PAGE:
It was October 2009, and I was on the first leg of my round the world trip. A trip which I had quit my job for and gone out into the great unknown, just me and 2 friends against the world.
Around 3 weeks into the trip, and I was starting to find my rhythm. I was 23, confident and curious. And nothing would stand in between me and the adventure of a lifetime.
This sense of curiosity had brought me and my travelling buddies to Chiang Mai, in Northern Thailand. A walled city with an awesome moat, famous for its close proximity to the Thai jungle. Great for elephant treks, learning more about ancient Thai culture and for being guided home by a clan of ladyboys. But enough of that. This story is not about ladyboys. It’s about curiosity.
It was evening and a new moon occupied the sky so there was very little natural light. Perhaps this is why we saw them so clearly. Hundreds and hundreds of lucky red lanterns dotted the sky in a line so clear you could almost pinpoint the location they were coming from. What could it be? Some kind of cultural festival? I knew one thing, I was going to find out.
We approached the source of the lanterns through a busy market towards the water front. That’s when I heard it. A kind of distant thudding or rumbling. We walked closer, the noise got louder. And now we heard another layer of what we knew now to be music. Wait. Is this drum n bass? Nahhhhhh, can’t be. We’re in Thailand!
Yep. Definitely drum n bass. And look! Chav cars! Had we gone completely off-plan and ended up in Croydon? We wandered through a car park of souped up cars. All with shiny alloy wheels, blue lights shining onto their ridiculously overworked sound systems and all lowered to within an inch of their lives. Shuffling through this awkward scene to get to the source of the lanterns we did get a few odd looks, but nothing to be too alarmed about.
Finally we arrived at what I had convinced myself was the ‘cultural festival’. It was massive! At least a thousand people milled around, everyone having a fantastic time. There were families sitting on blankets, people on a giant stage singing, some kind of buffet area and even a dance floor of sorts, all out in the open air and at the far end of the party were those elusive lanterns.
We made our way through the crowd, very aware of how Western we looked. As a blonde girl I was the subject of huge scrutiny, and before long, we were surrounded by Thai people all jabbering away at us and offering us all sorts of foodstuffs and drink so strong it would put hairs on your chest! Unfortunately, my grasp of Thai was somewhat limited so I did my best to look gracious and thankful, and after a few minutes tried to continue my way through the crowd.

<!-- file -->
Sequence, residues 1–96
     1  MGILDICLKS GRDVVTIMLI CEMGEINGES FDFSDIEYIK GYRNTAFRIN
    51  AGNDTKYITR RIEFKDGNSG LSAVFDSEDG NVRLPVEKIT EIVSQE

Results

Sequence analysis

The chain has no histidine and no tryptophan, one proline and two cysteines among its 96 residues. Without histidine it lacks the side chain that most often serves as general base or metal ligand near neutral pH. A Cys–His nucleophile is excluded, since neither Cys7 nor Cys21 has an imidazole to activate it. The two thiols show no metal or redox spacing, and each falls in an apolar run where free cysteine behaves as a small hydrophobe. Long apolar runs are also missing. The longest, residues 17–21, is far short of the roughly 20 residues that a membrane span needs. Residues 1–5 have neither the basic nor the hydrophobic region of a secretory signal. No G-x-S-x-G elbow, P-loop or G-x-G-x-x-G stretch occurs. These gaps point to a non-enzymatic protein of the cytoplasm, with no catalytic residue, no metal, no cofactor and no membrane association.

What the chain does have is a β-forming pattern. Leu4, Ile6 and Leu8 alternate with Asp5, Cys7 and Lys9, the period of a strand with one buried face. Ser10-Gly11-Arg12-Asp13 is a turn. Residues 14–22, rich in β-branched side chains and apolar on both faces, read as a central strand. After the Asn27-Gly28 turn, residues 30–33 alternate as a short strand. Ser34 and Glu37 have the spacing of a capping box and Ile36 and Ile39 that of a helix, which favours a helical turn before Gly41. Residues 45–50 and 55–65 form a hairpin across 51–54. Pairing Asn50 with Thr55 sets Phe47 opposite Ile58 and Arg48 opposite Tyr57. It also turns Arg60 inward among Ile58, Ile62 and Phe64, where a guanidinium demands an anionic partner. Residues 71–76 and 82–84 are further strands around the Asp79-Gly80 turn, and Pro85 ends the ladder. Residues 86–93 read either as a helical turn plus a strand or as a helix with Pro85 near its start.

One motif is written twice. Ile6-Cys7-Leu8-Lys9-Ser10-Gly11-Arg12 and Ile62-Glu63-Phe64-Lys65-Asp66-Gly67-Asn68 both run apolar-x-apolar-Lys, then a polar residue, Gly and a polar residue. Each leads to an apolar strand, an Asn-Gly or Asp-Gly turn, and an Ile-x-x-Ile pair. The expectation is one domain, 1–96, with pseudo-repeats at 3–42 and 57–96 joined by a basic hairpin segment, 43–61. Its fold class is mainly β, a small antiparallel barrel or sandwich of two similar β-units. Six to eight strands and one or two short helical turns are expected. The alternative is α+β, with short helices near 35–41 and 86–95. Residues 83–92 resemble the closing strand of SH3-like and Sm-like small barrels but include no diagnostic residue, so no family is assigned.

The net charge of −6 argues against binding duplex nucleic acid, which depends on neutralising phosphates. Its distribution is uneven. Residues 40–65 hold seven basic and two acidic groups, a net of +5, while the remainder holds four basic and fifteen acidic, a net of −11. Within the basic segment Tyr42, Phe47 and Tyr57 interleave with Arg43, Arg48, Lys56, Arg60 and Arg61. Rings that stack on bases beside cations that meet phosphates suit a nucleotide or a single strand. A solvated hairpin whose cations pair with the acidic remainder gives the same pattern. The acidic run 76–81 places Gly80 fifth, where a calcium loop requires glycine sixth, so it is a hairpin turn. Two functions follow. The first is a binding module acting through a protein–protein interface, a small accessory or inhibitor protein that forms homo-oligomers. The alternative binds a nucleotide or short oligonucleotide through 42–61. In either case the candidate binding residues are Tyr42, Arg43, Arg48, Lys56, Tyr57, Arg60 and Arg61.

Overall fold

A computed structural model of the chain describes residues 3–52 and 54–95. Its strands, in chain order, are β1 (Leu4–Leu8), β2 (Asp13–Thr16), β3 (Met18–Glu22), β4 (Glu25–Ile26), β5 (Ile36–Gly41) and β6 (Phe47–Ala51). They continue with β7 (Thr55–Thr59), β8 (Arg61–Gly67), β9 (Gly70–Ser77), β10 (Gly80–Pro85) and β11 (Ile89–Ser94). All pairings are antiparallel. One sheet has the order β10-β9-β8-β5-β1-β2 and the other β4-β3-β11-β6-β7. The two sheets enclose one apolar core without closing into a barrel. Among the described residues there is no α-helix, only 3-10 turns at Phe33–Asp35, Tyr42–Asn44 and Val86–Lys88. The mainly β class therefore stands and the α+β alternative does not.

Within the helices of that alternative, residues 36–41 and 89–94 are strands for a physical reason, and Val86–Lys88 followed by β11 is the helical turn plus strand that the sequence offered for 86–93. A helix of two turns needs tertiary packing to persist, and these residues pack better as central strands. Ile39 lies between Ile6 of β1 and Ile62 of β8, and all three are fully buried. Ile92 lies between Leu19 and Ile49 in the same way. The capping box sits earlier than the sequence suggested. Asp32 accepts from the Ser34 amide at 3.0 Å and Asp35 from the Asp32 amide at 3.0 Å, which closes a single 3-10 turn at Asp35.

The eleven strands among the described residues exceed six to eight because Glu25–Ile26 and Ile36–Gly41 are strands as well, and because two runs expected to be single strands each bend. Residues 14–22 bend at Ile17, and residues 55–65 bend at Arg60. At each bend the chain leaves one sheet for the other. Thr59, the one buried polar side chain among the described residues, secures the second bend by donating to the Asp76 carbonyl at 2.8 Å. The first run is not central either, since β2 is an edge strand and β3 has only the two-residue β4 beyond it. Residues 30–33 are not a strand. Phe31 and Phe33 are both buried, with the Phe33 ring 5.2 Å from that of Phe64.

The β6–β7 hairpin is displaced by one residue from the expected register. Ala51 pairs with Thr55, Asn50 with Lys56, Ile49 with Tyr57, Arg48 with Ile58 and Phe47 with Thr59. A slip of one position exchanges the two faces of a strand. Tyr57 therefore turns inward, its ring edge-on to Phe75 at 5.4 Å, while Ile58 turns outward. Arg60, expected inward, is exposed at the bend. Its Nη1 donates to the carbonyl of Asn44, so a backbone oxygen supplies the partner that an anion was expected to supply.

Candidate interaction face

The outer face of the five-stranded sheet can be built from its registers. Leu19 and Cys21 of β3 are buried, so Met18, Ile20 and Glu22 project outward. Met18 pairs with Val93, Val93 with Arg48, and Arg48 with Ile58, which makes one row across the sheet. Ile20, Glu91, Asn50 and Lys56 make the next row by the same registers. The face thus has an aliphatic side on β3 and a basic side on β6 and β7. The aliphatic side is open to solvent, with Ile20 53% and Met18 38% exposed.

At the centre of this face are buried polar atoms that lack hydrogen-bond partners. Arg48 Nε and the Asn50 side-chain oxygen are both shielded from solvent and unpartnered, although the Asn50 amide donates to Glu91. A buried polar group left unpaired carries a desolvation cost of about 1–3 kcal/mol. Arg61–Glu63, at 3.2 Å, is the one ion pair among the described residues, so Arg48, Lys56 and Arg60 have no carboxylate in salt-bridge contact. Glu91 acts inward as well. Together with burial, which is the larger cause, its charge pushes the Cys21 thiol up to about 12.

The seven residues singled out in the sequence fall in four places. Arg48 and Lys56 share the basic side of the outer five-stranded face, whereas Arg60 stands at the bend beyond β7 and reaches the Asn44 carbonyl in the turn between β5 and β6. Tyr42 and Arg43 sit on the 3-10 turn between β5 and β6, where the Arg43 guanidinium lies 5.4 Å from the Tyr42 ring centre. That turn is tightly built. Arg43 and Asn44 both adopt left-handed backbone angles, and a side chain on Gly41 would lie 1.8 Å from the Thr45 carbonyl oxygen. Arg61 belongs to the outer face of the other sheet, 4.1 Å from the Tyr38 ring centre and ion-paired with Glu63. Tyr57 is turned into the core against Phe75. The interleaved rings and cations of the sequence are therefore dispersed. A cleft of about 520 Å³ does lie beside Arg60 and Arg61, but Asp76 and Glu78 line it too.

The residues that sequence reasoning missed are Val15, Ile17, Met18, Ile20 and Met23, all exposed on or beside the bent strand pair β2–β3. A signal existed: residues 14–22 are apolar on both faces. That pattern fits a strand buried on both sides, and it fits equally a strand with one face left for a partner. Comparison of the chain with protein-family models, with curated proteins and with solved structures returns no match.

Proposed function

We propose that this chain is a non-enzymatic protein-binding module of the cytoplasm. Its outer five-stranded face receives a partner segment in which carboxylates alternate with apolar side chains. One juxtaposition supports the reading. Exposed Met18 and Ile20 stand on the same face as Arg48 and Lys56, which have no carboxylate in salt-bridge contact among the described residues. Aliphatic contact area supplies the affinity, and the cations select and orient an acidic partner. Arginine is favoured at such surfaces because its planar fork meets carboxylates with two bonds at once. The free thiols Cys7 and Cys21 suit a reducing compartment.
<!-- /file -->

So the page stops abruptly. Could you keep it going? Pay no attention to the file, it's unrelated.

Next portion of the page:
This is where it gets weird.
People started taking pictures. Lots of pictures. People started lining up to get pictures with the three of us. Everyone was laughing and posing. Not wanting to be rude, we posed for some photos, but the line just got longer and longer, and the people were laughing harder and harder.
It was all a bit overwhelming so we made a break for it and pretty much ran for what we thought was the exit at the end of the party; only to find…. a dead end. There was no option but to turn back through the crowds which had now got to at least one hundred people, all pointing at the group of Western girls.
Then the music stopped.
The man who was a few seconds ago singing a deafening karaoke version of I have no idea what, had stopped, and was now staring directly at us. He said something in Thai and then started moving down into the crowd to greet us more closely, all the time keeping hold of his microphone and providing a running commentary.
He handed someone his mobile phone and started to pose next to us. So we obliged, and there we stood grinning like the idiots we were, with around a thousand people staring at us in near silence. Then the very weirdest thing to happen so far occurred. The man broke into song. He sang into his microphone at my friend Amy, getting down onto one knee and really going for it. All to the rapturous applause of the crowd. What the hell was going on?
Finally, someone came to our aid. A lady who spoke English make her way through the cheering crowd and began to explain.
“You see”, she said “This is the annual police party. Every police officer in the city and their family is here tonight.”
Oh dear. We had unwittingly wandered into a private party. And not just any party – the party of the entire police system of Chiang Mai.
She explained that the person serenading us was in fact the Chief of Police, which is why everyone thought it was so hilarious. And those photos all those people were taking? Oh, they’re for the staff room walls. Three dumb Western girls wandering into their party was the funniest thing they’d seen all year, and as we walked away through to the front of the party, past the chav cars, with a thousand people laughing at us, we were comforted by the closing thought from this lovely police woman.
At least if we ever got in trouble here in Chiang Mai, all we had to do was call the police and no matter who came to our aid, they would know who we were. The chief of police had made sure of that! The ‘Smiling English Dummies‘ would forever be safe in Chiang Mai!
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